THE crisis unfolding at SAA affects us all, as travellers and citizens. For many of us who’ve enjoyed the privilege of flying with this world-class airline, it saddens us to see it reduced to ruins by its shareholders and the trade unions.
I worked in London for many years and SAA was always my airline of choice. I had nothing but a deep sense of admiration for SAA’s crew whose manners and professional standards matched and sometimes exceeded the world’s best.
The economics do not permit SAA to continue to exist in its current formation. This strike will hopefully hasten its demise which must happen because the government failed to sell it when it should have.
We’re tired of paying billions of rands to sustain a business that is officially bankrupt while poor people die of disease and poverty. Air travel is a middle-class adventure and the rich can travel on other airlines if SAA goes bust.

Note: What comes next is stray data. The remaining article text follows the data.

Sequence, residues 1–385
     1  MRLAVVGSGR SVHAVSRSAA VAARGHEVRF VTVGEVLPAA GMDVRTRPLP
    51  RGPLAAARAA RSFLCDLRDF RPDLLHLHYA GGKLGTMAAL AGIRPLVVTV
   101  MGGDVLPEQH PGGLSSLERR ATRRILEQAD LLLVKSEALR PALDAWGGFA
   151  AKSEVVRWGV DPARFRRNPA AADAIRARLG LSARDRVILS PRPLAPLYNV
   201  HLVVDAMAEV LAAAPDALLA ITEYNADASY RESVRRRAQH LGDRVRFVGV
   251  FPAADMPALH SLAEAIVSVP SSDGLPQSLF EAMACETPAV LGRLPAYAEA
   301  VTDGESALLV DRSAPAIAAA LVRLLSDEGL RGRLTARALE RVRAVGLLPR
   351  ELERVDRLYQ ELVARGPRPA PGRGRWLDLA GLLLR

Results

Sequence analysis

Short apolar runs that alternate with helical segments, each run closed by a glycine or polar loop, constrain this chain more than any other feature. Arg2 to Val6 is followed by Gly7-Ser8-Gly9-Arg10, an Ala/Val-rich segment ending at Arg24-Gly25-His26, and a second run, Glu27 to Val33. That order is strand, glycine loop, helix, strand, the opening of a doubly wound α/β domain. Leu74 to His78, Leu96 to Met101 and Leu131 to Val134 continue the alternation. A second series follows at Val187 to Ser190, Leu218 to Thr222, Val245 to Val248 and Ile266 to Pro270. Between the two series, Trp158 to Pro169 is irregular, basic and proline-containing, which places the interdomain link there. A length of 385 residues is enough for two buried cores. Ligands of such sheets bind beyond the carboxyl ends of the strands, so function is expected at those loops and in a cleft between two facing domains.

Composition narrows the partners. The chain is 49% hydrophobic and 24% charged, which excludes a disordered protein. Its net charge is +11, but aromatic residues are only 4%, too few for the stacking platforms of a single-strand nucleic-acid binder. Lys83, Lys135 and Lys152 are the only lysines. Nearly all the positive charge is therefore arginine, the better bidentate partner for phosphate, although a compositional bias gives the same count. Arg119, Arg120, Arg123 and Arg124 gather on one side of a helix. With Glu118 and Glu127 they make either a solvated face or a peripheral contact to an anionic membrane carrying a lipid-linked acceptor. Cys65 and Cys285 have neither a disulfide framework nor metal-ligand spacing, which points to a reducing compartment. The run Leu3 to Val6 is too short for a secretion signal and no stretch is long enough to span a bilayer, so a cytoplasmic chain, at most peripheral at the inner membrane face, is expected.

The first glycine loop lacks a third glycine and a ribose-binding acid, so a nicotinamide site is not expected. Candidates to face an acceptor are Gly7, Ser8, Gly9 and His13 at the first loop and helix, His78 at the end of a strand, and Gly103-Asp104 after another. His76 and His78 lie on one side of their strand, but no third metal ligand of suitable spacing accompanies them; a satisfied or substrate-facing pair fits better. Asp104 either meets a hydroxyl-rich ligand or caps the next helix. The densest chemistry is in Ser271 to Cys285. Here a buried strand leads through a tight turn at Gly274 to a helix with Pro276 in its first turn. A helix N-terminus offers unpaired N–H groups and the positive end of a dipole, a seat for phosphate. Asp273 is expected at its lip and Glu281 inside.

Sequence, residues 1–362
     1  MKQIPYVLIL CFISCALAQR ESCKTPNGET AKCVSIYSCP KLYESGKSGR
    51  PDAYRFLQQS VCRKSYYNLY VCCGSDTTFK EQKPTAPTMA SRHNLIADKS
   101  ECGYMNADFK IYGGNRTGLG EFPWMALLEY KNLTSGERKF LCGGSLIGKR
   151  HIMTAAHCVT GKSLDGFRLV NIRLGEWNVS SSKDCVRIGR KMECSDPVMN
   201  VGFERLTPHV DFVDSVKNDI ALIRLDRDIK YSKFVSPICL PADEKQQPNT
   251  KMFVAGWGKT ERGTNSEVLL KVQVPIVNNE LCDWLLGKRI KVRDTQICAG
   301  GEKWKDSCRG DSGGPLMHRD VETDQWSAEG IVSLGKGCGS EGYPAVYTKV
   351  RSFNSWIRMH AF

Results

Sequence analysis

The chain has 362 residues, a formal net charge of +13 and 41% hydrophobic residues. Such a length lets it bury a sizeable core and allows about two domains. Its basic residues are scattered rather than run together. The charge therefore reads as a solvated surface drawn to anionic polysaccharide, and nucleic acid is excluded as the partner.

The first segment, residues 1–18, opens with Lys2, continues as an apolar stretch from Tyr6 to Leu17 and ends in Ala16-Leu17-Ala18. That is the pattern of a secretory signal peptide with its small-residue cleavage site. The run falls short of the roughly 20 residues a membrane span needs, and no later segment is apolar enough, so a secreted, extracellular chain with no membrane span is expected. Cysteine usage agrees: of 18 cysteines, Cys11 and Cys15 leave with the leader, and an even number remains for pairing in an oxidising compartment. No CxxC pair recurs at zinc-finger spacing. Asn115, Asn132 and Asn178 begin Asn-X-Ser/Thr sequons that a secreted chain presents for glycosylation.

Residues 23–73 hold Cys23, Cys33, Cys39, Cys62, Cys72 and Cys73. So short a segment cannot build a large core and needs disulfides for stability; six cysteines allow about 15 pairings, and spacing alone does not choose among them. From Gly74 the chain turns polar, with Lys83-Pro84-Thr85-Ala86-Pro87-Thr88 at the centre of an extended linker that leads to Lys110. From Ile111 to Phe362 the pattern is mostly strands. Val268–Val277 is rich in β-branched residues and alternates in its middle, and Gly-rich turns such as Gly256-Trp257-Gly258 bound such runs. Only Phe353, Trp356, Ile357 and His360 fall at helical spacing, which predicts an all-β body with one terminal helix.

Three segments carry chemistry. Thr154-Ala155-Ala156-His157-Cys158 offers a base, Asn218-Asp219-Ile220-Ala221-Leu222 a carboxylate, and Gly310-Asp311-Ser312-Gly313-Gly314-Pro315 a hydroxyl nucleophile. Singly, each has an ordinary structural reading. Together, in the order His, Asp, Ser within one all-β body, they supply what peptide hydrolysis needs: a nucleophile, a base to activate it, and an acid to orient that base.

Propping up SAA is a vanity exercise that’s unsustainable in the long term. If the unions want to end its misery sooner, we welcome their help.
If I were the government, I’d let it sink with all its greedy unions and then start it from scratch later, with new contracts for those wishing to rejoin, and would pay them market rates instead of the looting rates they’re demanding. Those people trying to destroy what’s left of our airline should know we have no sympathy for them.